I apologise (especially to Bronze Dog) for initiating a game of blog tag.
And for those who have read my posts in the past, be warned. I treat unsupported or poorly presented gun control arguments with the same contempt I have for woo arguments. Just saying.
About me and guns
In order to preempt the inevitable future accusations of being some gun hating liberal let me first dismiss the 'gun hating' part. I like guns. Guns are cool. In the right hands.
I shot .22 inch and 5.56 mm target rifles at paper targets regularly between the ages of 13 and 18, after some pretty comprehensive training. Before 13 I was also into archery. After university I qualified as a marksmanship coach through the ATC/RAF - I was trained by a police marksman, people who had represented the UK at pistol target shooting and a serving member of the RAF Regiment. I was the shooting officer for my ATC squadron and during this time my cadets became the best L98 shooting team in Trent Wing, ATC. I was a pretty good shooting coach and was thinking about going for my range certificate so that I could be a Range Conducting Officer. I trained other people how to use guns and how to shoot them properly and accurately. I was incredibly anal about safety, I lost count of the number of times I threatened to throw people off my firing point because they were not concentrating. I still tell my kids when they aim a water pistol at me that the first rule of weapon safety is "Never point a weapon at anybody whether loaded or unloaded."
I say this just to establish the fact that I have no problem with guns themselves and that I know a thing or two about them, people using them, what they can do and what people need to know about them. This does not make my views the authoritative views on the subject though - like I said, I'm just preempting the inevitable.
And I just remembered that when I was still doing the shooting stuff we all hated people who called them guns.
Why 'Of Skeptics'
And here is where I'll start to piss people off.
I've found in my travels through the skeptical blogosphere that critical thinking often stops when people get to a personal political or social viewpoint. Just look at the number of skeptics and atheists who also happen to be Libertarians as well. Don't tell me that someone who thinks unregulated companies can do better than governments at protecting individual interests and liberties is a critical thinker.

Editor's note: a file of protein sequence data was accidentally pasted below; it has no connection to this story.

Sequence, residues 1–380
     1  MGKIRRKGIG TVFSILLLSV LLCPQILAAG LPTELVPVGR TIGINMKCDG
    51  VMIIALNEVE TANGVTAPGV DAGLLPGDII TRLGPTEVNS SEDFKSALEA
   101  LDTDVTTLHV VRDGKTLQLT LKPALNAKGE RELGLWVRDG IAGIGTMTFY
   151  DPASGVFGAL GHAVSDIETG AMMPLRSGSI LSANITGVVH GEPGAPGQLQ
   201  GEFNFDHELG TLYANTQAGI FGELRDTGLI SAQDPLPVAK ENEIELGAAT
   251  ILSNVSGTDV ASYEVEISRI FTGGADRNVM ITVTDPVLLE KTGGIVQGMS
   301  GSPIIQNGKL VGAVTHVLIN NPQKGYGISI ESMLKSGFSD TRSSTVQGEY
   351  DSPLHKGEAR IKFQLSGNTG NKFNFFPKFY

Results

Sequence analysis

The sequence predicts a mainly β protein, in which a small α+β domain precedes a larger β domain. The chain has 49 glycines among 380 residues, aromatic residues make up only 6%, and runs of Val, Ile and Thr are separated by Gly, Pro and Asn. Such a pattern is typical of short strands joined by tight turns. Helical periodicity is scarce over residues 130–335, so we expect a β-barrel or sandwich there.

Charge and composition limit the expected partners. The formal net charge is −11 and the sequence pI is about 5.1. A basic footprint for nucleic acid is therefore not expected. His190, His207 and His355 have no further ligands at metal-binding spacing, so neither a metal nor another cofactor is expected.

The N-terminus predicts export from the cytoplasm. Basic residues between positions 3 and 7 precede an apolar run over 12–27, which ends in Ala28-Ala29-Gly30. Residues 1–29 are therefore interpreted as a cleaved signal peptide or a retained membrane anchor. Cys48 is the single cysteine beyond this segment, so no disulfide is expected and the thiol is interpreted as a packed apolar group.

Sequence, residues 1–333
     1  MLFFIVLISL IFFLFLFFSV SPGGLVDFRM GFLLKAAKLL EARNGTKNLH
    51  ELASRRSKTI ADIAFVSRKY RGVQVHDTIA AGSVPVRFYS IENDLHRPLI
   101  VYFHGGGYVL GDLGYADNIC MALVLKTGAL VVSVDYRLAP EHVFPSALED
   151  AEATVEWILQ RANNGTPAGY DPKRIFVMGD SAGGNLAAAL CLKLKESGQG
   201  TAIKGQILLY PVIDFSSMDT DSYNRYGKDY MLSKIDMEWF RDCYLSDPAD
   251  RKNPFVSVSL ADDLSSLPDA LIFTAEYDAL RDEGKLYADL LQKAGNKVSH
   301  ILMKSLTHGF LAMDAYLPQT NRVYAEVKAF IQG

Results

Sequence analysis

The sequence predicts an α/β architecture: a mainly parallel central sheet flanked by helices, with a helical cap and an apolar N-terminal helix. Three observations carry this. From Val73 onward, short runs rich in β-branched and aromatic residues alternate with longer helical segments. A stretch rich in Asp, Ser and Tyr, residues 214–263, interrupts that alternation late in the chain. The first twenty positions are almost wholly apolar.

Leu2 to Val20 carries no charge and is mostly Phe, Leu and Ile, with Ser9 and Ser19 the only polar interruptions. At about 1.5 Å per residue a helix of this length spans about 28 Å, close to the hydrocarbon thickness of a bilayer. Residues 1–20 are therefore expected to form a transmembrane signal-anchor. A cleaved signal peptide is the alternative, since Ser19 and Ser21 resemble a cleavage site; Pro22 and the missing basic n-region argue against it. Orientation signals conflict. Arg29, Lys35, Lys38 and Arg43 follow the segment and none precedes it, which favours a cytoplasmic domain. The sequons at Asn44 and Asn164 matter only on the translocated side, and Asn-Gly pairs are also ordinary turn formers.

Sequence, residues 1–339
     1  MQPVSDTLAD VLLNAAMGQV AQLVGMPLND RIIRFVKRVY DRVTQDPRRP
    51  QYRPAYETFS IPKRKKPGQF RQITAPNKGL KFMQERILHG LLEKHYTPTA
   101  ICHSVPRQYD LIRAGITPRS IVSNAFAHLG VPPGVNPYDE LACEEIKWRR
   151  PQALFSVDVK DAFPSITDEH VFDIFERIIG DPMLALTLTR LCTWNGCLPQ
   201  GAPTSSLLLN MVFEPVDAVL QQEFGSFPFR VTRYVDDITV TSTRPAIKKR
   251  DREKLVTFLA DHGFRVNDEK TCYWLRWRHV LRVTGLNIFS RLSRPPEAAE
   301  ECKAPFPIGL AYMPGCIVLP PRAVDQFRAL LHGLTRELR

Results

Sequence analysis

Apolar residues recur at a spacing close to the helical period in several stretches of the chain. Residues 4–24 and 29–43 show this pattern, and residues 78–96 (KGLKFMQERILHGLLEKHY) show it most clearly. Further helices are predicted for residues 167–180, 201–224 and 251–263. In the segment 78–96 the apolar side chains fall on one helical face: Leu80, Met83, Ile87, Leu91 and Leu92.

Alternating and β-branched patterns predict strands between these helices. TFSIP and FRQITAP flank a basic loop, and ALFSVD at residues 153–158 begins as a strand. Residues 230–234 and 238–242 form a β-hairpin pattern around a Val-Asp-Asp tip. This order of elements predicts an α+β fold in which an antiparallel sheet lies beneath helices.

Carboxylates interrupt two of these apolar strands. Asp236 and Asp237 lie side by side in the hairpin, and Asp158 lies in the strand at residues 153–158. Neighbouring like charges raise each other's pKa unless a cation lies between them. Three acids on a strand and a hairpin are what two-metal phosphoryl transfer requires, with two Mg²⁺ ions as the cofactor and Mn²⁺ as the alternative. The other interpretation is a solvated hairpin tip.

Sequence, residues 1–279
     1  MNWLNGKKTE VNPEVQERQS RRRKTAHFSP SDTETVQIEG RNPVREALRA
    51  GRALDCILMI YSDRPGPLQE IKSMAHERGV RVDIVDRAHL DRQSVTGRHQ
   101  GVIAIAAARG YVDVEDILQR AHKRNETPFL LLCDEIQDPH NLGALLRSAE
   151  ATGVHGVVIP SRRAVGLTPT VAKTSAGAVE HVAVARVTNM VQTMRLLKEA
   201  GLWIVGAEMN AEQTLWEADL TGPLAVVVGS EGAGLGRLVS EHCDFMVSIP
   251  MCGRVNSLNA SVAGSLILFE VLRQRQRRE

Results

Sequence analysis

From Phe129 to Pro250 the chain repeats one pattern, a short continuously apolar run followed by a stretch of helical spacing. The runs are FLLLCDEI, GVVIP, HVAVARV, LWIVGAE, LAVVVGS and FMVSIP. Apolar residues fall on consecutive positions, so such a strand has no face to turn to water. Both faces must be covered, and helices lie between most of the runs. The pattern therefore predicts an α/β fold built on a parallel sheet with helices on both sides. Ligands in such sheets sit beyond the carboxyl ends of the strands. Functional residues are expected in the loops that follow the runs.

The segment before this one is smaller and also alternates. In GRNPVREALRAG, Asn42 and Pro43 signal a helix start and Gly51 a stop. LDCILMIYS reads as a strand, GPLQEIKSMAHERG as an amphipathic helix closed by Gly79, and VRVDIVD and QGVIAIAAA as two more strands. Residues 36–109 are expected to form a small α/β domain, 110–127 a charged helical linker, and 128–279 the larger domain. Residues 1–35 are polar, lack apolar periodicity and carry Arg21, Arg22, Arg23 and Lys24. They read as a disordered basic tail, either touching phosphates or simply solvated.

Gun control is one of those issues, I have found. On quite a few occasions already in the brief discussion over at the Bronze Blog I have found skeptics making inconsistent and unsupported arguments; arguments not supported by the facts; guesses and statements based on nothing but inaccurate or uninformed opinions. At times logic even seems to be taking a vacation.
And yet these are people who when arguing about religion or pseudo-science are careful to make well crafted, well researched and well supported posts. These are people whose opinions I've admired from a blogging point of view as well presented and argued. I'll go into the specifics later, but is this the case that Shermer makes for why smart people believe weird things in action?
So anyway, as well as looking at the arguments presented so far in the Bronze Blog thread, I'm going to be looking at this: what seems to me to be the suspension of critical thinking in relation to personally held views.
My experience with anti-gun control arguments
I've had a few arguments about gun control in the past. Hell I used to be anti-gun control and I did, in the past, use some of the arguments I'm about to list.
Anyway, I have noticed that the same arguments come up again and again. Some good, some bad. Some terrible.
- It's in the Constitution.
- It's a liberty the government can't take away or has to justify taking away.
- You can't/shouldn't ban gun ownership because people like shooting/owning guns.
- Target shooting is a sport.
- They can be used for self defence.
- Banning guns doesn't stop gun crime.
- Guns don't kill people, people kill people.
- X and Y massacres were committed with illegal guns so banning guns wouldn't have stopped them.
- Massacres are rare so why ban guns or how do you know banning guns stops them.
- Civilian guns are different to military guns so don't need to be banned.
- You're just a gun hating liberal.